Dr. Karen Becker Offers Some Classic Veterinary Detox Quackery

Yesterday, I wrote about some environmental chemicals that may play a role in causing disease. While this sort of environmental risk factor is a real and recognized phenomenon supported by good science, it can easily be cited to lend support to a bit of popular pseudoscience that may appear quite similar but which is actually something quite different: detoxification. Detoxification is one of the classic bogus pseudoscientific concepts of alternative medicine, and since I brought up the subject of environmental toxins, I thought it worthwhile to illustrate today some of the differences between the legitimate field of environmental toxicology and the quackery that is detoxification.

The notion of detox suggests that our bodies accumulate harmful substances, either from environmental toxins or the waste products of our own normal metabolism, and that these need to be removed or neutralized by some therapeutic process in order to prevent or cure disease. The details about what is toxic, how we come by it, and what we should do to detox vary widely according to the many and mutually inconsistent theories of different alternative practitioners.

At the heart of this notion is the emotion of disgust, and inherent reaction we have evolved to encourage avoidance of potential sources of harm, particularly infectious disease. Though there is controversy about the details, it is commonly argued that this innate emotional reaction has been generalized to cultural and moral domains, and this has led to the social constructs of contamination and purification. Detox schemes are portrayed as healthcare, but they are really a set of purification rituals intended to ward off harm magically like some religious practices.

The problem with this and many other alternative medicine ideas that are more religion than science or medicine is that evidence for or against specific proposed toxins or therapies becomes irrelevant. It’s not that there is no such thing as a toxin, since there are many well-characterized by science. And it’s not that we can’t remove or neutralize some toxins with medical treatment, because in some cases we can. The issue is that the specific claims about detoxification are often made up completely or extrapolated wildly and irrationally from small pieces of actual scientific knowledge, and they become self-sustaining components of a belief system rather than hypotheses that can be confirmed or disproved.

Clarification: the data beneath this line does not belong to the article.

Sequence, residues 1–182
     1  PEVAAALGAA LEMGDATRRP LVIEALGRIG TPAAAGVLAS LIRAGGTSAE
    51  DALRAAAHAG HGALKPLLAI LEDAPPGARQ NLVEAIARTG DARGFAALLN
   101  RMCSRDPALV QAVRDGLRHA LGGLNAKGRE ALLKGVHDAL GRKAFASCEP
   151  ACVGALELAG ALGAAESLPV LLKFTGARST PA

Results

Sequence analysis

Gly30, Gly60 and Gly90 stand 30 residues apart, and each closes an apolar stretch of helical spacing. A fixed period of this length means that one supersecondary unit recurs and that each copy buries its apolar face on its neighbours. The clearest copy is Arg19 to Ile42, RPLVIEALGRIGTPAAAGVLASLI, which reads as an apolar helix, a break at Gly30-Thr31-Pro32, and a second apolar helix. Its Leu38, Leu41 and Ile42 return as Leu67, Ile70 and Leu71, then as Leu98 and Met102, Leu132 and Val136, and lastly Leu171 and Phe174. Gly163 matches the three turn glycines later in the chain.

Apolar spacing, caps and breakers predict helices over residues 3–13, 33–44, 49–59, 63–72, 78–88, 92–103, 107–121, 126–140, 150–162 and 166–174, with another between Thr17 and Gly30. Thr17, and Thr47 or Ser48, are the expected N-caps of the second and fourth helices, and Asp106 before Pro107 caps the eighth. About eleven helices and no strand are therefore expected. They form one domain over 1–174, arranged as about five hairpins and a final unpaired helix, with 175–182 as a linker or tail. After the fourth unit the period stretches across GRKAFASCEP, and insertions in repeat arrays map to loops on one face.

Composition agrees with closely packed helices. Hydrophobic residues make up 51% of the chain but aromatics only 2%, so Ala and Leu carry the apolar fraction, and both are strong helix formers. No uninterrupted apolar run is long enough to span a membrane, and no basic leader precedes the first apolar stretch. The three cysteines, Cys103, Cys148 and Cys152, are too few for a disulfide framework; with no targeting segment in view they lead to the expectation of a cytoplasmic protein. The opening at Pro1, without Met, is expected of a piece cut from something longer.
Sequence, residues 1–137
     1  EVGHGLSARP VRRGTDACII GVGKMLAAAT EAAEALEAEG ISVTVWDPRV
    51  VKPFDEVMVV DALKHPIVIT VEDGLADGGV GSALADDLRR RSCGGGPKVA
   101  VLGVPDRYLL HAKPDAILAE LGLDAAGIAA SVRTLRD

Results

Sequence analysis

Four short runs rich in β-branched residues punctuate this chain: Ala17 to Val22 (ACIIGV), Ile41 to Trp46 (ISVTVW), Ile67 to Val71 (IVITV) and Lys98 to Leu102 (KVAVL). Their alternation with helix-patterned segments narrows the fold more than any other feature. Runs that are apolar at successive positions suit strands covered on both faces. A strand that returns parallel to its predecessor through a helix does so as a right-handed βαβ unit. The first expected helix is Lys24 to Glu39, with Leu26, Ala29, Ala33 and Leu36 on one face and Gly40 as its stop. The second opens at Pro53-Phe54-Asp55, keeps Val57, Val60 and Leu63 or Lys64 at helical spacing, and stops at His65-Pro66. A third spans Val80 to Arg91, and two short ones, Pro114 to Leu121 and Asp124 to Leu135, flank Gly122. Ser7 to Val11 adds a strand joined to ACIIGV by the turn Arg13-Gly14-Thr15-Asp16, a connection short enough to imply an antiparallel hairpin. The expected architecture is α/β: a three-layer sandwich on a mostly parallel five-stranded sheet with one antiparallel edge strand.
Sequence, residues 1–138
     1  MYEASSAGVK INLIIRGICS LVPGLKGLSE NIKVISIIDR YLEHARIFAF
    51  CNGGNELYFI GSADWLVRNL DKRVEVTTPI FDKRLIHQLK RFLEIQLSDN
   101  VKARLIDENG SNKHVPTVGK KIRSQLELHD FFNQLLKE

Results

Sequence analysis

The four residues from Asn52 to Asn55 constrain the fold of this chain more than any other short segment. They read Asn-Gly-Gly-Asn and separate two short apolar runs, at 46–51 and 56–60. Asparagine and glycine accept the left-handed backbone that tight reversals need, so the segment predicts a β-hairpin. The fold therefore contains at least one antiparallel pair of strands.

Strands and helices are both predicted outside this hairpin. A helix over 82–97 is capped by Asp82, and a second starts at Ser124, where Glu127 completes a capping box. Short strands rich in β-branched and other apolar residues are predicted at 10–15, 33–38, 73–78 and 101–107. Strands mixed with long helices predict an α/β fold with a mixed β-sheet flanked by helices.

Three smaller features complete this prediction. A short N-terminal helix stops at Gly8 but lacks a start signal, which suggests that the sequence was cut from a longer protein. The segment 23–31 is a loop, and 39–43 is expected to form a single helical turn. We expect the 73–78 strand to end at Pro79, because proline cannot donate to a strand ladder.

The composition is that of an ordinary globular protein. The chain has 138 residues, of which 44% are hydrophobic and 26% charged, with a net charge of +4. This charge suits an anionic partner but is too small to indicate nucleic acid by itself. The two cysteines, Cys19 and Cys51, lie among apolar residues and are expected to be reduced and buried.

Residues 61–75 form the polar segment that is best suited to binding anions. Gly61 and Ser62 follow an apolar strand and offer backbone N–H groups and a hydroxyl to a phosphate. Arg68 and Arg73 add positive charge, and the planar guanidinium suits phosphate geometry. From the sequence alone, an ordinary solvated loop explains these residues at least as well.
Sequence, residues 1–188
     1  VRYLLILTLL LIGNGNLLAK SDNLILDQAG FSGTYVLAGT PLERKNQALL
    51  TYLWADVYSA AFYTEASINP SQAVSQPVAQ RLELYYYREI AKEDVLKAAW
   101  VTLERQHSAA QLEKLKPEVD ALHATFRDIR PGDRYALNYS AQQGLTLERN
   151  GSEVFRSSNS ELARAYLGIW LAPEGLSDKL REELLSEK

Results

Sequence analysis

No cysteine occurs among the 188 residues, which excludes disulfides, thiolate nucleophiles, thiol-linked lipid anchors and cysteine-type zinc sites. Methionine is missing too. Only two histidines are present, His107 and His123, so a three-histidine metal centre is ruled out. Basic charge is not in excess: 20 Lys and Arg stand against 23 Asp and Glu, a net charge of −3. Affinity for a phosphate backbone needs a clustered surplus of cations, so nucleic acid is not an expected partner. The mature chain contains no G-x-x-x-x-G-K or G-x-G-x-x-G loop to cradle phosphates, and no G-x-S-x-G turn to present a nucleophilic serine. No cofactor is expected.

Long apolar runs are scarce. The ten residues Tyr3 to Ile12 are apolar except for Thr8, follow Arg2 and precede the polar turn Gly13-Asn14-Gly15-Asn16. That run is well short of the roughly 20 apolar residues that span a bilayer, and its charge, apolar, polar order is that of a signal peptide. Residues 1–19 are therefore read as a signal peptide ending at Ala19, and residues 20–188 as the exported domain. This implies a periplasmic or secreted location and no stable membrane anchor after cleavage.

A typical example of this kind of pseudoscience, which mixes distorted but real science with complete nonsense, comes from the ever-reliable source of pseudoscience, Dr. Karen Becker at Mercola.com. Dr. Becker produces a steady stream of advice for pet owners. It ranges from the perfectly reasonable to the unproven but plausible all the way to the completely ridiculous, often all jumbled together. The key is that real evidence is almost never needed or heeded, and her claims are based predominantly on opinion, hers or that of the other alternative practitioners she interviews.


The  Big Scare

Her detoxifications creed begins with The Big Scare, that classic snake-oil sales technique in which the CAM advocate tries to convince an audience that they and their pets are swimming in a toxic soup constantly threatening ruin to our fragile health and well-being. Without this fear, we might not realize that our apparently perfectly healthy pets were actually in terrible danger and that we need to act now to save them! We might be at risk of coming to believe that not all bad things that happen can be avoided if we just do the right things and that those who become ill have only their own poor lifestyle choices and inaction to blame.

It’s actually mind-boggling to think about all the different ways our pets are exposed to toxins in today’s world…. If you’re wondering if your own pet is carrying a toxin load, sadly there’s no doubt he is. The truth is that virtually every pet has measurable amounts of chemicals in their body, because they walk through chemicals, they sleep on them, they breathe them in, and they eat and drink them. And unfortunately, veterinarians prescribe and inject them on a regular basis as well.

Dr. Becker lists a host of the usual bogeymen of alternative medicine, from medicines that actually protect your pet’s health and prevent disease, like antibiotics and parasite preventatives, to poisonous commercial dog food that carry cancer in every bite, to the invisible threat of—gasp!— electromagnetic fields! Some of the specific things mentioned do have potential harmful effects, depending on dose, exposure route, species, lifestage, and many, many other variables. After all, anything, including such necessities of life as oxygen and water, can be harmful under the right circumstances.  Others, such as fluoride in drinking water and electromagnetic fields have been thoroughly investigated and not found to be dangerous. But again, we are dealing with a faith-based, not evidence-based belief system here.

Pretend Science

After The Big Scare, Dr. Becker moves on to explaining precisely how these toxins harm your pet. Well, not precisely, more like generally. Well actually, it’s more like using some vague science-y words that imply stuff without actually meaning anything.

When your pet’s body accumulates too many toxins, it stores them for future elimination. For many pets, that future opportunity never arrives and the toxic load begins to impede the body’s ability to function. Ultimately, toxic overload can interfere with the immune system to the point where cellular abnormalities like tumors and cysts develop. Other serious diseases may also show up as cells degrade and organ function is impaired.